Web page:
Reprinted from Jewish Women: A Comprehensive Historical Encyclopedia with permission of the author and the Jewish Women’s Archive.
Aside from various women for whom short entries are available throughout this encyclopedia, it is necessary to list several women mentioned in the Babylonian Talmud under a common heading.
EM (Fourth century C.E.). This woman is mentioned in no fewer than seventeen separate incidents in the Babylonian Talmud (of which only one is parallel to another). She is always mentioned in exactly the same formula: a rabbi states: “Em said to me” and these words are followed by useful, thoughtful and authoritative advice, which is never disputed.
Because in fourteen of these traditions the person who quotes her is the fourth-century Babylonian amora Abbaye (278-338), it is usually assumed in scholarly circles that she was his mother, and that Em is a description (mother) rather than a name. The Babylonian Talmud itself already voices this explanation. The editors of the Talmud, however, knew that this woman could not have been Abbaye’s mother, since according to another tradition, his mother had died while giving birth to him (Kiddushin 31b). They solved the contradiction by assuming that the woman in question was his adoptive mother.
However, one tradition in the Babylonian Talmud suggests that when a sage quotes his mother he does not say “(a) mother said to me” but rather “my mother said to me” (Pesahim 112a). Furthermore, one other rabbi, aside from Abbaye, his late contemporary Ravina (the editor of the Talmud) is also mentioned as quoting Em authoritatively in the same way (Berakhot 39b; Menahot 68b). This suggests that Em was perhaps a famous, authoritative woman known to the rabbis of Babylonia.
Authority and Decision Making
It is therefore interesting to note what is the source of her authority. In one tradition she explains the nature of gossip (Moed Katan 12b). In another she shows expertise in amulets (Shabbat 66b). But in most other traditions she is an expert on folk remedies and diets (e.g. Eruvin 29b; Ketubbot 10b; Gittin 67b; 70a; Avodah Zarah 28b). In most of these she specializes in the welfare of children and their growth.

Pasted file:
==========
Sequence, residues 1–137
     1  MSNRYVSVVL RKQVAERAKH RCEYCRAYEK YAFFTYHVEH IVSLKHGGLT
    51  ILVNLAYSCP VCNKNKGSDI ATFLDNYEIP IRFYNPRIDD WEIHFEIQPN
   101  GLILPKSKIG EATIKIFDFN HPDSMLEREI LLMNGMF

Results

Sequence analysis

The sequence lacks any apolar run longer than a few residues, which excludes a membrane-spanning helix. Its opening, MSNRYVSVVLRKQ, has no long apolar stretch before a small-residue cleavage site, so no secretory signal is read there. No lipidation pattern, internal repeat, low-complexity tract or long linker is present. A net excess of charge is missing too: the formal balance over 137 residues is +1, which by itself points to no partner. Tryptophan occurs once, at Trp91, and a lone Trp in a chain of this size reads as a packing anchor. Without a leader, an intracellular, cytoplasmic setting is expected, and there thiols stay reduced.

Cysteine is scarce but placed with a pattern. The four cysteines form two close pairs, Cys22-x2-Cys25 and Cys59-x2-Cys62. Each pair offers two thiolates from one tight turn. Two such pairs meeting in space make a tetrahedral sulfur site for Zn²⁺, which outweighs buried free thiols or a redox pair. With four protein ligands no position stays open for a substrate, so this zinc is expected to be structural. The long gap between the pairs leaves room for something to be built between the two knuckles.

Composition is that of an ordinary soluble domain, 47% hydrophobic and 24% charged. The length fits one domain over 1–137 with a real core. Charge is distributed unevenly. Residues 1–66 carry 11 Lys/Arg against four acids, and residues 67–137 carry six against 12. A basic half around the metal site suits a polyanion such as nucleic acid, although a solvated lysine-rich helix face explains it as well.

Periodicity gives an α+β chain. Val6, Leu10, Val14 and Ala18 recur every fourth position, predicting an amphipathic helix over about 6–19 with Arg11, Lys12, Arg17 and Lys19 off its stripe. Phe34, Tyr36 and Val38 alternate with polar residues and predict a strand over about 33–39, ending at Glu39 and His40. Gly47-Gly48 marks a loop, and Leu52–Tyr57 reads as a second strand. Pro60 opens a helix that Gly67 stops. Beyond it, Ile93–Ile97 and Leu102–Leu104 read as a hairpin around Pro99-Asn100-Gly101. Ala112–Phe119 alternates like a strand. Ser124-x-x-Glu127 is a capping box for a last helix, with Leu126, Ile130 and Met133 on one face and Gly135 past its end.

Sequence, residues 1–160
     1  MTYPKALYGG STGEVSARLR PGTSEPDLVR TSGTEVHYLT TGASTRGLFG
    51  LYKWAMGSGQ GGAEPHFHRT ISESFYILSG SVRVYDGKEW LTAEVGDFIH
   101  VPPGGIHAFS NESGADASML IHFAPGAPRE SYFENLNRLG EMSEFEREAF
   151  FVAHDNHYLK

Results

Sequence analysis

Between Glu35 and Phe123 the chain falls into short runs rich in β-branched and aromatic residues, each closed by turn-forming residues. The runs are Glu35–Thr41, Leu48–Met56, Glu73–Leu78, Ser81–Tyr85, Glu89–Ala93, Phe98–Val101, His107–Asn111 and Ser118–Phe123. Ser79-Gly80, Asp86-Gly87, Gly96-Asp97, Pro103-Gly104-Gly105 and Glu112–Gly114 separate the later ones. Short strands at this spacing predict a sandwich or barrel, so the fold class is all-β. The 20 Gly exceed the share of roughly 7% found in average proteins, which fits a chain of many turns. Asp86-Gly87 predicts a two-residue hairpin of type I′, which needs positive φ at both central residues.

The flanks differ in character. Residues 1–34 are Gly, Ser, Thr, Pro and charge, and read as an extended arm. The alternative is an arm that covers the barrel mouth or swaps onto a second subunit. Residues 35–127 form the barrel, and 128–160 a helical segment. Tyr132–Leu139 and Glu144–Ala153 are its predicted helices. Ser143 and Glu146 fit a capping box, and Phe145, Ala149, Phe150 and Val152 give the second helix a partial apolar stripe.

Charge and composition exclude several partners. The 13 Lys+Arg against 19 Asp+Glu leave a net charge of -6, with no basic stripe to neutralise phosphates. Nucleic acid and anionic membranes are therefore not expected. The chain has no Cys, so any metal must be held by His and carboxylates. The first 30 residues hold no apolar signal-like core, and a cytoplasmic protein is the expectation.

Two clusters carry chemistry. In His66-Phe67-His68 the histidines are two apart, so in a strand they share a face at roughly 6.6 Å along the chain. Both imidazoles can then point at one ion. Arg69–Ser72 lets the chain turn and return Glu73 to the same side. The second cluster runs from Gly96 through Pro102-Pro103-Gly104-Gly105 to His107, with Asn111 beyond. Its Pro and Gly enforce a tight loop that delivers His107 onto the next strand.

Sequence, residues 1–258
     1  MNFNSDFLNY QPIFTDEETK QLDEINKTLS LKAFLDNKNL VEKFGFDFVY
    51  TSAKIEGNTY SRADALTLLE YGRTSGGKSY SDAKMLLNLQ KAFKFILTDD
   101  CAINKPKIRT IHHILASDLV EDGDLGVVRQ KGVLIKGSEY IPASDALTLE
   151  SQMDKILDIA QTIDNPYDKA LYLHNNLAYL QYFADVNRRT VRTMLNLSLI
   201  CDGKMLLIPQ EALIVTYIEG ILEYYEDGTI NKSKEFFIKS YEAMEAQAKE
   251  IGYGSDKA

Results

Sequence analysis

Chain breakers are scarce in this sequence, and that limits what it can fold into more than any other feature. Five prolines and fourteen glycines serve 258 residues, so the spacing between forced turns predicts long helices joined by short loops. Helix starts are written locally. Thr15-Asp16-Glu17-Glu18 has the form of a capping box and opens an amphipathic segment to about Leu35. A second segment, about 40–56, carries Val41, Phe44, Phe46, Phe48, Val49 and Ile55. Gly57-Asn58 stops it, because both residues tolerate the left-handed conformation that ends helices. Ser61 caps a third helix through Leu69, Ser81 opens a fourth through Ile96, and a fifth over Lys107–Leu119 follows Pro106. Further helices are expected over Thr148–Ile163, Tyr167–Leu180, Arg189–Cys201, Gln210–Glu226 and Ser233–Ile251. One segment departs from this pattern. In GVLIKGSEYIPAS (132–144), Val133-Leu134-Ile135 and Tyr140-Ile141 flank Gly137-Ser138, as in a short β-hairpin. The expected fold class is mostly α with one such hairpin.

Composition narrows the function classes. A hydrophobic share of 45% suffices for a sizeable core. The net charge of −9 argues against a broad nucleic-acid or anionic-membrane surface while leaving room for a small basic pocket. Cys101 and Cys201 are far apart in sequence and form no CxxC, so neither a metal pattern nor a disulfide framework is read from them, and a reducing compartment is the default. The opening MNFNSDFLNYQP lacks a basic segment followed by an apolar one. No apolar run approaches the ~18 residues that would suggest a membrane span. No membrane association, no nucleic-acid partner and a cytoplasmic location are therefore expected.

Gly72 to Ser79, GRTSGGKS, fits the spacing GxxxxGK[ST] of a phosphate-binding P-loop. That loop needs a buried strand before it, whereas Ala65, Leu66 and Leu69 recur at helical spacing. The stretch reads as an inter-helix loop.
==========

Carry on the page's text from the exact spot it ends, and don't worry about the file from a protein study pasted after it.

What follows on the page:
One set of traditions preserved in her name is a compendium of information relevant to the circumcision wound (Shabbat 133b-134a). In another place she advises about the age from which a child is able to fast on the festivals (Yoma 78b). This knowledge in pediatrics allows her to also make halakhic recommendations regarding children.
In Ketubbot 50a we read: “Said Abbaye: Em said to me: At the age of six [a boy is fit] for Scripture [study], at the age of ten for Mishnah [study] and at the age of thirteen for fasts once in a while. And a girl [is ready] at the age of twelve.” This is an extremely weighty halakhic decision and it is surprising to find the rabbis depending for it on this woman’s advice. Nevertheless, gossip, amulets, folk medicine and the raising of children are traditional women’s occupations, and it is exactly in these areas that we find Em’s advice undisputed.
It therefore seems that Em must have been an impressive Jewish woman in Babylonia, a physician with a great reputation, who gained the rabbis’ confidence and trust to a very high degree.
Pronounced: TALL-mud, Origin: Hebrew, the set of teachings and commentaries on the Torah that form the basis for Jewish law. Comprised of the Mishnah and the Gemara, it contains the opinions of thousands of rabbis from different periods in Jewish history.